Upon further review, Take-Two Interactive
Take-Two is once again rebuffing last month's unsolicited buyout offer from Electronic Arts
You can't blame Take-Two for passing. Shortly after EA's offer to buy the company at $26 a share, the company beat Wall Street's expectations and raised its guidance. Now that Take-Two is looking to earn $1.35 to $1.55 a share in adjusted profits on $1.25 billion to $1.4 billion in revenue, EA's exit strategy priced the stock at just 17 to 19 times earnings.
EA, on the other hand, is fetching 28 times forward earnings, and those analyst profit targets have been coming down in recent months -- unlike Take-Two's bottom-line prospects, which are sharply on the rise.
Take-Two has no reason to punch out, especially now that it has hits in its portfolio other than the Grand Theft Auto franchise. BioShock and Carnival Games, for example, will be now be fleshed out with sequels.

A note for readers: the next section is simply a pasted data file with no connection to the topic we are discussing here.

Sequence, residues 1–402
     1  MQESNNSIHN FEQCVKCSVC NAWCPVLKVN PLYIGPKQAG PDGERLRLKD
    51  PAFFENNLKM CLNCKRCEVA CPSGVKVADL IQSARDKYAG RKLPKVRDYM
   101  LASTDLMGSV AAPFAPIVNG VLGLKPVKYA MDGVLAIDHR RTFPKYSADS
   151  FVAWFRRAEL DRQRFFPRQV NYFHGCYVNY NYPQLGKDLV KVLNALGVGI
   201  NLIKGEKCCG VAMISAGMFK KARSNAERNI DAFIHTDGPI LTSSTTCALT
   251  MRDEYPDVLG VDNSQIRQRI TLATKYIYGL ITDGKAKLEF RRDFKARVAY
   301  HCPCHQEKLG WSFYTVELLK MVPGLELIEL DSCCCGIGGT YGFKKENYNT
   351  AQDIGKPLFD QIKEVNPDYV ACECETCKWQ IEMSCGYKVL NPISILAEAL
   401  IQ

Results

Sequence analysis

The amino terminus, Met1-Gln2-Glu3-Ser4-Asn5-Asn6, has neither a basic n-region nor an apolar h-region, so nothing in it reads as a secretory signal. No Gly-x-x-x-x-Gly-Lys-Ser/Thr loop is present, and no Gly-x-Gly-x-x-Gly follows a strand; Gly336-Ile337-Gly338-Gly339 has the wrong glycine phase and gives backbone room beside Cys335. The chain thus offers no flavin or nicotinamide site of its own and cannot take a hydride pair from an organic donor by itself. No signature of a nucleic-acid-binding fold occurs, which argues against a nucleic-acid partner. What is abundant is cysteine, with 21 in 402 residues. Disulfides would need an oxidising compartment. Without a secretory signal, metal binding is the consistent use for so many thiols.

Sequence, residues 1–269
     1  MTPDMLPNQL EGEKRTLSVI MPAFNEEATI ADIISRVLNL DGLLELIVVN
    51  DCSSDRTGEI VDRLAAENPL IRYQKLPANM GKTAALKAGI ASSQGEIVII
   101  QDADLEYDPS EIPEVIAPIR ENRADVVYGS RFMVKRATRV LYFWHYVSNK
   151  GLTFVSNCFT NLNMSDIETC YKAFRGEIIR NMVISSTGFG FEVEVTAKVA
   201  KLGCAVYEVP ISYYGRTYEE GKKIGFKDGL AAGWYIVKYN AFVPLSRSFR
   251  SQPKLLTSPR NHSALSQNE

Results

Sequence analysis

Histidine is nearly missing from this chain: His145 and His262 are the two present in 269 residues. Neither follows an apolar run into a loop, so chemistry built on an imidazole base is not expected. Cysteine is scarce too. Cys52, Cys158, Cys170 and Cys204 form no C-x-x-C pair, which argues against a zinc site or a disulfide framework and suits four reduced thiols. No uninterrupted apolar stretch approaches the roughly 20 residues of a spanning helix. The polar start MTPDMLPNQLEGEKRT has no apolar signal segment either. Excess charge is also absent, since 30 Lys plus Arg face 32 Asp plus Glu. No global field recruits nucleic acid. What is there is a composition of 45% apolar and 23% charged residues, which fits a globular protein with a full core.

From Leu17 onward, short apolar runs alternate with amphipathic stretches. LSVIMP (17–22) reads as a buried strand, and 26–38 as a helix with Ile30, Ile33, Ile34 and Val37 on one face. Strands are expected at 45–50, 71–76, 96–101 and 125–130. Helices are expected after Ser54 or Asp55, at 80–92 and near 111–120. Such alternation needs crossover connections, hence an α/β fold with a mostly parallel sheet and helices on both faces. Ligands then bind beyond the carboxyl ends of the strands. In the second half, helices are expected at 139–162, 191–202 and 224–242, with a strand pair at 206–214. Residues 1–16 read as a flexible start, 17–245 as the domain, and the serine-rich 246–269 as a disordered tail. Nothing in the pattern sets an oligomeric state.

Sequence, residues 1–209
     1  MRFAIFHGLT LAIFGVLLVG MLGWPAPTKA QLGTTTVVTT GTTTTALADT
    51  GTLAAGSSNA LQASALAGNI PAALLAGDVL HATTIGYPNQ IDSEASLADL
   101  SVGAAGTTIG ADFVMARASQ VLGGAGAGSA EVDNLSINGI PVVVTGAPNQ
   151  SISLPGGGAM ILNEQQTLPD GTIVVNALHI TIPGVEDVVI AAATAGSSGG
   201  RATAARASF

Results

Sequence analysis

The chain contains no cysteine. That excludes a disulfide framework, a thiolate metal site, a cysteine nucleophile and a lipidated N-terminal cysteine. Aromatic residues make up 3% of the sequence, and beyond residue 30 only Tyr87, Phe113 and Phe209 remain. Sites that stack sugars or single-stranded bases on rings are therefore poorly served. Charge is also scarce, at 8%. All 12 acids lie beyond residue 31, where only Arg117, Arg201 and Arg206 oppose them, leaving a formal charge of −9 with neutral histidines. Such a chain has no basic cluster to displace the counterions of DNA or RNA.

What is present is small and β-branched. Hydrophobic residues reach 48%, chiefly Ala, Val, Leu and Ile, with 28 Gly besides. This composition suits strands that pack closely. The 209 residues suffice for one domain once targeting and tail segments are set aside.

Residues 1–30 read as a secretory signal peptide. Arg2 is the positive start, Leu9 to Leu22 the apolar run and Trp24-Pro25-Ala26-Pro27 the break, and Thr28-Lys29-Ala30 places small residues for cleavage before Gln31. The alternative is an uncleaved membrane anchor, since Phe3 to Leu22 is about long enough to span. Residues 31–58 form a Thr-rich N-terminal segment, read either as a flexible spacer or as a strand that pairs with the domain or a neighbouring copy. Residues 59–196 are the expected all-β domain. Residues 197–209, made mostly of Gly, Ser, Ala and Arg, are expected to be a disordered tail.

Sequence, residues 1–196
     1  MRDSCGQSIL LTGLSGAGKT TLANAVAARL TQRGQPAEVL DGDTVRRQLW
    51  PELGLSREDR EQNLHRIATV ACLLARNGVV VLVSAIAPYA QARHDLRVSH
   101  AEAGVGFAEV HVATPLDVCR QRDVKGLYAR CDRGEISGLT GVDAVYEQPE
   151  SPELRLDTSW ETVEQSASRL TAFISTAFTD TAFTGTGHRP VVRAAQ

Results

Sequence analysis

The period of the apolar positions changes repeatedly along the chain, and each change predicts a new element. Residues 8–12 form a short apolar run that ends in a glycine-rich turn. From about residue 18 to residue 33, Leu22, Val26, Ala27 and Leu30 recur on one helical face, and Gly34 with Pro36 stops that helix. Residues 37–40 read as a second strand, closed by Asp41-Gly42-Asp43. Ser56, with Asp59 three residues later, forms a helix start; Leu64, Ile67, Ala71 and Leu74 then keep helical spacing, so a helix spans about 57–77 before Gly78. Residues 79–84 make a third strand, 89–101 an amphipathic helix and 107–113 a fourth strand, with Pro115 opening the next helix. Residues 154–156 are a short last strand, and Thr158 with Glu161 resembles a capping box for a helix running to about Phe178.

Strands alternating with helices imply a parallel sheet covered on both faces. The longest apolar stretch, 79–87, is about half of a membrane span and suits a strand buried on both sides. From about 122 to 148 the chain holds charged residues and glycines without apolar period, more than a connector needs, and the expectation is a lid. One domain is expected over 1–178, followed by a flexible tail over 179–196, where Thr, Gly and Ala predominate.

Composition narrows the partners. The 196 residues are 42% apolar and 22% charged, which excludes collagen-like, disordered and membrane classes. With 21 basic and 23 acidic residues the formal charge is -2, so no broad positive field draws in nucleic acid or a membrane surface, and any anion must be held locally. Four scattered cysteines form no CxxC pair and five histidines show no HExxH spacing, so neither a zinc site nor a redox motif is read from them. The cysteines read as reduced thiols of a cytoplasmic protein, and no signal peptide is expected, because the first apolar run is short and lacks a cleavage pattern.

Hostile takeovers rarely succeed when the acquisition target is an ascending company that another business is trying to snatch for a pittance. Giant Activision
If a struggling Yahoo!
David Gardner recommended Take-Two Interactive -- twice -- to Rule Breakers subscribers. It was a brilliant call. Investors got in early, before the buyout frenzy. That's the great thing about being an investor: You don't have to pay a premium over the current market price for any stock. Potential acquirers don't have the same luxury, especially when they're trying to steal a company the way EA is apparently trying to, right in broad daylight.